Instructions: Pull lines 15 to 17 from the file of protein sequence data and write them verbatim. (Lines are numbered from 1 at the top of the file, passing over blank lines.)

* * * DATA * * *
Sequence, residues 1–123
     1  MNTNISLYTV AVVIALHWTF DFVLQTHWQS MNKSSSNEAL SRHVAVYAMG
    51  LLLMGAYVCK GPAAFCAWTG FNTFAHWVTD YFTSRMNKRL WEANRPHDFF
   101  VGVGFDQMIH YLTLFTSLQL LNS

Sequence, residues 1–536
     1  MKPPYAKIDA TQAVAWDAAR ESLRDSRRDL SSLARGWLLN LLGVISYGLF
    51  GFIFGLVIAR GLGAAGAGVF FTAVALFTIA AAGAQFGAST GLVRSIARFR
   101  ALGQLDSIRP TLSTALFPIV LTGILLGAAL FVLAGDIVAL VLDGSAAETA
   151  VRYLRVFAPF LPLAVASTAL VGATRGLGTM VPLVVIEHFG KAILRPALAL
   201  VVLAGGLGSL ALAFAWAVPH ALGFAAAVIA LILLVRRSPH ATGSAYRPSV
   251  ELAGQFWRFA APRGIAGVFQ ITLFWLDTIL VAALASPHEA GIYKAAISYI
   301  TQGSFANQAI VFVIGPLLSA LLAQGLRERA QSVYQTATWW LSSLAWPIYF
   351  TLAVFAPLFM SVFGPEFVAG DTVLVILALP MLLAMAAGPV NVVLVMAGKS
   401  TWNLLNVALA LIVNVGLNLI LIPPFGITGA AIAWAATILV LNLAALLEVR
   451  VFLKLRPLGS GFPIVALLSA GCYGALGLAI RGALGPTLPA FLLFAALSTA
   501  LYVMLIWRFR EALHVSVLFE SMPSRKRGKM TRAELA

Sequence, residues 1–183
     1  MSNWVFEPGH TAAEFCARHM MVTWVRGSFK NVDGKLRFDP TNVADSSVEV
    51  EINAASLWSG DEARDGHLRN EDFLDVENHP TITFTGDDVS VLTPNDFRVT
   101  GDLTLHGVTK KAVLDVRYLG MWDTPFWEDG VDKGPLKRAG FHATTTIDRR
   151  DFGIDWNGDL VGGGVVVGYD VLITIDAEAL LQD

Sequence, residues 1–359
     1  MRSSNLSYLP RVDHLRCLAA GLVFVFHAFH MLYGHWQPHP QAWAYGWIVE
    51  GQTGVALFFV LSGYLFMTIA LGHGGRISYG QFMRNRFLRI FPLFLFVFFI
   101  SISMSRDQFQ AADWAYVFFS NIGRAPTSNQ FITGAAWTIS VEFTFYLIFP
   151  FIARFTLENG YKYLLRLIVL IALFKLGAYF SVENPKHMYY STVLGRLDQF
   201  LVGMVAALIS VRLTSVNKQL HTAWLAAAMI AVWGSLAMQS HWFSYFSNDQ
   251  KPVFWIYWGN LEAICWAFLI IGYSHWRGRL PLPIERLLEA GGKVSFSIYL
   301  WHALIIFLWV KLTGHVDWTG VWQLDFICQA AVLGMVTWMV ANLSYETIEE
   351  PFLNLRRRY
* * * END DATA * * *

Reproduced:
   451  VFLKLRPLGS GFPIVALLSA GCYGALGLAI RGALGPTLPA FLLFAALSTA
   501  LYVMLIWRFR EALHVSVLFE SMPSRKRGKM TRAELA

Sequence, residues 1–183